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Old 10-09-2011, 06:45 PM
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Silvertone manumatic & Motorola portable record players

I picked up two more record player projects at the flea market today. One is a real oddball that I've never seen before. The first one is a Silvertone manumatic. This is a four speed record player where the 33 and 78 speeds are operated manually and the 16 and 45 speeds are automatic when the large center hole spindle is used. I suppose these were meant to be used with the 16 rpm talking books that looked like a 45 rpm record. I did take a brief look under the hood and it has a two tube (35W4 & 50C5) amp with dual 4" speakers. Also, the motor mounts are shot. As you can see, the handle is broken off and the case is fairly beat up; but, I think this one is probably worth putting some effort into. Has anyone ever seen or worked on one of these? It should be an interesting project.




The next one is a circa 1960 Motorola stereophonic portable. This one uses a 3-tube (12AX7 and 35C5x2) amp and uses a VM built changer with an astatic 13T stereo powerpoint cartridge. This one is dirty; but, I think it will clean up OK. It's not the big Motorola portable that I'd like to find; but, I think it will do OK.

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Old 10-10-2011, 10:26 PM
dieseljeep dieseljeep is offline
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That Sears job has to be a very rare bird. I never saw one. Your next entry, please include the model number. Magnavox made an el-cheapo plastic changer that changed the speeds in that manner. There was a plunger that stuck up next to the center post, that was pushed down to select 33 rpm speed. It was only a two speed changer. It had three push buttons to select on,off and reject.
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Old 10-10-2011, 11:02 PM
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I'll get the model numbers and post them.

After re-reading my post, I realized that I wasn't very clear on the Silvertone. The Silvertone has a speed lever that selects either 16 auto, 33, 45 auto, 78, and N. In order for the mechanism to work in auto mode, the speed selector lever must be in either 16 auto or 45 auto and the adapter must be placed over the single play spindle. When small hole LP's or 78's are to be played, the speed lever is set to the correct speed and the record is played manually with the single play spindle.

And, yes, I've seen those Magnavox changers in which you speak. IMHO, that was the biggest piece of junk for a record changer that I've ever seen. I knew a Magnavox dealer and he told me that he burnt their ears over that one. Their excuse was that they were trying to keep up with the competition. Well, even the cheapest plastic BSR changer of the day would have been better than that Magnavox pile of crap.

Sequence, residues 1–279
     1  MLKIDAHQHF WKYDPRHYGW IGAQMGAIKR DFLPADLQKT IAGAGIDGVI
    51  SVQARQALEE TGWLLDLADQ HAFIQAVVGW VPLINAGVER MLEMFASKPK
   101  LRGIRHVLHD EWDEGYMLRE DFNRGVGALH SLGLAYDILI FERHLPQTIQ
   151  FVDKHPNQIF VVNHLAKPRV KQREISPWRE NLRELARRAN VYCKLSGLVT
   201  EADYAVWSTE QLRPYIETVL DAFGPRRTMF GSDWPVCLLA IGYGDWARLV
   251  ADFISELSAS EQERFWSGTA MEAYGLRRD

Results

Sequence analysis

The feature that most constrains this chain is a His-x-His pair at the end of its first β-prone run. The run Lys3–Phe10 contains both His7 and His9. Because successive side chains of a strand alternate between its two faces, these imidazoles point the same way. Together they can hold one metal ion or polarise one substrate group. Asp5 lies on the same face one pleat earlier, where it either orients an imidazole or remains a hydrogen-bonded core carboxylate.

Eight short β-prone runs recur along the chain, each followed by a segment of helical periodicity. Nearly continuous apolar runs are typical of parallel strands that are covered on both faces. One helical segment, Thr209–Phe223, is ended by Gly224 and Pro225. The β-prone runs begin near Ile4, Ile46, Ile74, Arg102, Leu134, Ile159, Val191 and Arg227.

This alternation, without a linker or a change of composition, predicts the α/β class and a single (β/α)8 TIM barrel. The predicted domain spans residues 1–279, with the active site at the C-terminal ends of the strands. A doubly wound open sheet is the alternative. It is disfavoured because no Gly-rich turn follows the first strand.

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Old 10-11-2011, 09:16 AM
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Originally Posted by radiotvnut View Post
I'll get the model numbers and post them.

After re-reading my post, I realized that I wasn't very clear on the Silvertone. The Silvertone has a speed lever that selects either 16 auto, 33, 45 auto, 78, and N. In order for the mechanism to work in auto mode, the speed selector lever must be in either 16 auto or 45 auto and the adapter must be placed over the single play spindle. When small hole LP's or 78's are to be played, the speed lever is set to the correct speed and the record is played manually with the single play spindle.

And, yes, I've seen those Magnavox changers in which you speak. IMHO, that was the biggest piece of junk for a record changer that I've ever seen. I knew a Magnavox dealer and he told me that he burnt their ears over that one. Their excuse was that they were trying to keep up with the competition. Well, even the cheapest plastic BSR changer of the day would have been better than that Magnavox pile of crap.
I ended up installing a V-M changer for the customer. They were tired of the problems with the changer, plus they wanted to play their old 78's.
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Old 10-11-2011, 09:38 AM
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Unusual RCA phono.

One of our neighbors had an RCA portable phonograph, that only played 45's automatically. It looked simular to the other RCA changers, but it had a short spindle for the small hole records. The 45 spindle had a shaft that was actuated by the change mechanism.
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Old 10-13-2011, 12:09 PM
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Cheap plastic record changer...in a Magnavox? Horror of horrors!

I am surprised Magnavox would ever dare use any kind of cheap plastic record changer in its phonographs or radio/phono combination units; after all, Magnavox (the original Magnavox Company of Fort Wayne, Indiana) was one of the best manufacturers of stereo combo units, phonographs, TVs, and radios in the '50s through the '70s or so, second only to Zenith and Motorola. I've seen several '50s Magnavox consoles personally, plus the occasional one that shows up on eBay; every one of them had the Magnavox Micromatic 4-speed record changer with very low tracking force. One ad in the '60s for a Magnavox 3-way console entertainment unit (TV, phono, AM/FM radio) stated the record changer had very low tracking force and that "your records can last a lifetime" when played on it. I simply cannot believe Magnavox would abandon this type of changer for a cheap plastic one, unless the phonograph you are referring to was a cheap rebadged offshore import -- the Magnavox name plastered onto a piece of junk. (I wonder if any of Magnavox's 3-way entertainment centers of the '70s had this kind of changer.) If I had one of these sets and the changer went West for any reason, I'd pull it and replace it with a decent one without thinking twice.